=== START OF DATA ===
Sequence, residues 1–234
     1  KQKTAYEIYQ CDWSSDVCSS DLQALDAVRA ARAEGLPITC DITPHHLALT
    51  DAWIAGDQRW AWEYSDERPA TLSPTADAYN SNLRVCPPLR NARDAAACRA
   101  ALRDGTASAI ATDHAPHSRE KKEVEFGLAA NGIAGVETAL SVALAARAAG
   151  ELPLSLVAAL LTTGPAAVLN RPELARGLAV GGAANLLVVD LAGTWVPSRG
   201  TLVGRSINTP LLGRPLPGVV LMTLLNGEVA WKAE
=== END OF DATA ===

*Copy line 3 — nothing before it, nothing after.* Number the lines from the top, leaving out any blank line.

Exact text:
    51  DAWIAGDQRW AWEYSDERPA TLSPTADAYN SNLRVCPPLR NARDAAACRA